Michigan Northern


MIGN 213
photo by: Gary L. Powell
- collection of Mark Laundry

Cadillac MI. - Sep. 23, 1978
213

RS12
c/n 75765, b/d 1/53

- built for SAL as #1472
- SCL #213
- to Michigan Northern as #213
- to E&LS 1980


1205
photo by: George Landrock
St. Paul, MN - 1979
1205

RF16
c/n 75361, b/d 12/1951

- built for the NYC as #3805 renumber 1205
- to Monongahela 1967
- to Delaware & Hudson 1974
- see below for the rest of the history


A History of the Michigan Northern and the Last Two Remaining Sharks

by Alex Huff

The following is reproduced here with the kind permission of Alex Huff. It was originally posted to the Railroad.net discussion forum June 16, 2005.

"Why we leased them and what happened to them. What follows is based on my memory of nearly thirty years ago, I was MIGN's VP-Operations (big title, small railroad) at the time.

Michigan Northern started on April Fool's Day, 1976 between Grand Rapids and Mackinaw City, MI on ex-PRR (nee GR&I) track which was not included in Conrail. The state of Michigan leased the track from the Penn Central trustee and subleased the line to MIGN. We started with two secondhand RS-3's, our second choice. First choice was three ex-GM&O RS-1's, but ICG wanted too much for them. Because of the 244 engine, the RS-3's were considered expendable, just run them to major failure which was usually a failed crankshaft due to fuel dilution in the lube oil. In the winter of the first year we purchased an RS-2 from the Green Bay & Western. Under pressure from the state to increase carloadings or see the railroad cut back, we chose to not take a general rate increase of rail freight rates. This was before deregulation in 1980. This greatly annoyed the major railroads, since our flag out did not apply to just MIGN but all railroads in the route. Bottom line, it was cheaper to ship lumber from the west coast to the east via MIGN than via Chicago. Business picked up considerably and we were in the market for more power. Conrail was leasing just about everything that had an EMD prime mover in it, so we were priced out of GP's. CNW was selling off some of their Alcos wth 244 engines at a price we could afford, so we bought two RS-3's. Later, we went back for more, but the last four RS-3's had been sold to Craig Burrough's Erie Western. CNW still had some unwanted RSD-4's and RSD-5's but we were reluctant to take on the six axle trucks. In hindsight we should of bought them.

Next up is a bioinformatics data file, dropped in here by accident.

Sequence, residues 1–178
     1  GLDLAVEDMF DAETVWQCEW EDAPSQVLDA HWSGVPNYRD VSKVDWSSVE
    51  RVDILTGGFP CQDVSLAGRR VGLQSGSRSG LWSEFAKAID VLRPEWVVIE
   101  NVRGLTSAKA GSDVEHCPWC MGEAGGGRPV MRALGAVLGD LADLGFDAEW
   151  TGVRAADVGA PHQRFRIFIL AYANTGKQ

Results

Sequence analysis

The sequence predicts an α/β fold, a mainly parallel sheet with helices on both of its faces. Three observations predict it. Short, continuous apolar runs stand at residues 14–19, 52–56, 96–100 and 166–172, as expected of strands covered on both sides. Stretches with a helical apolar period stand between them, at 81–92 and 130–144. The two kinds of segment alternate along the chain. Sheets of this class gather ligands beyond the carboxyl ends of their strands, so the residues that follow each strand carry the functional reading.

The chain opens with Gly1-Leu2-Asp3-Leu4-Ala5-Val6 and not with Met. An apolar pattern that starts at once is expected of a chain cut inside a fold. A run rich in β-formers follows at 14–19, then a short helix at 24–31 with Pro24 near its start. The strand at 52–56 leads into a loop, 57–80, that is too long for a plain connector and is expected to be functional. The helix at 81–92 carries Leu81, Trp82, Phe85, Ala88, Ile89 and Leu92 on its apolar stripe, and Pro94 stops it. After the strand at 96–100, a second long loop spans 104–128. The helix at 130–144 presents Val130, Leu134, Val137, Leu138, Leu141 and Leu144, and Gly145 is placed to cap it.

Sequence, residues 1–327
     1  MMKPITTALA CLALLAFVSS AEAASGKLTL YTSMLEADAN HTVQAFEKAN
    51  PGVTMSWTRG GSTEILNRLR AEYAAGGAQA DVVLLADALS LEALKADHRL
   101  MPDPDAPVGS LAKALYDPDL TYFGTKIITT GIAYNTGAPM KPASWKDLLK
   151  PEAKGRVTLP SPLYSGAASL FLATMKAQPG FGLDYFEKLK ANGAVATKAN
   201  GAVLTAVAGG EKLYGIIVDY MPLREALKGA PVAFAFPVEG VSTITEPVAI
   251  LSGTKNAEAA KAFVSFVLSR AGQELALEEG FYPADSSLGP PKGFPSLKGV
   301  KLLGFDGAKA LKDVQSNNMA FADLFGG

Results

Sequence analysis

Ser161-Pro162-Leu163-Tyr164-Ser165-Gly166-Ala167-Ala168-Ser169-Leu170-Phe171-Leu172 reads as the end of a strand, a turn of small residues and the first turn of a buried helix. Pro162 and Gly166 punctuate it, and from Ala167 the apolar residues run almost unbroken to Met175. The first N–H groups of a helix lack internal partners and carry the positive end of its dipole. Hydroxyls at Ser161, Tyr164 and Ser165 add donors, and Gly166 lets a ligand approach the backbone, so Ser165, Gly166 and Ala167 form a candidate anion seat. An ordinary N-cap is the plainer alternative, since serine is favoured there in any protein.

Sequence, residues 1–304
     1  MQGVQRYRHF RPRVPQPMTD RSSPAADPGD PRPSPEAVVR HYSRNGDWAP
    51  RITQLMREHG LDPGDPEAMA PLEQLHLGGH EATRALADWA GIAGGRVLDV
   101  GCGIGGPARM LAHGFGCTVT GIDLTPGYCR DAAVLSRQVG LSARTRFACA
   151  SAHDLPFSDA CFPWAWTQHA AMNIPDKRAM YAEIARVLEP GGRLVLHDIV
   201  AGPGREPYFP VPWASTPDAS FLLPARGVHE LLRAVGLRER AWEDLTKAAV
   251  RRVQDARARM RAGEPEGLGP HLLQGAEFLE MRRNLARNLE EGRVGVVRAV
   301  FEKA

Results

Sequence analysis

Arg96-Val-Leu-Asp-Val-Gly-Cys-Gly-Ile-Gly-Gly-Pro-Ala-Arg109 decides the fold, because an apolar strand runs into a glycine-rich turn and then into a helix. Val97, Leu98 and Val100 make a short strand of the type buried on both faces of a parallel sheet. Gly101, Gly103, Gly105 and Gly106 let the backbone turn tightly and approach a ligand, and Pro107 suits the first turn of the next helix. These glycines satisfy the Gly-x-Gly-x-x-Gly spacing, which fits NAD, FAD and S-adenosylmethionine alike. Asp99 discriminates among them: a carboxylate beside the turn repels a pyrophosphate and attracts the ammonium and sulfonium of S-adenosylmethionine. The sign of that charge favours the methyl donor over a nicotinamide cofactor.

With EMD's out of our price range and no Alco's we knew about available, we took what was available, the two Sharks. (I know, you thought I would never get to them.) A serious consideration was the "railfan" aspect of running the last two Sharks in existence. However, after having been assured by the D&H that the Sharks were in good condition (they weren't) and that owner John Kunzie (Castolite) was willing to lease them for $100/day of use only, and we were pretty desperate for power, we took them on.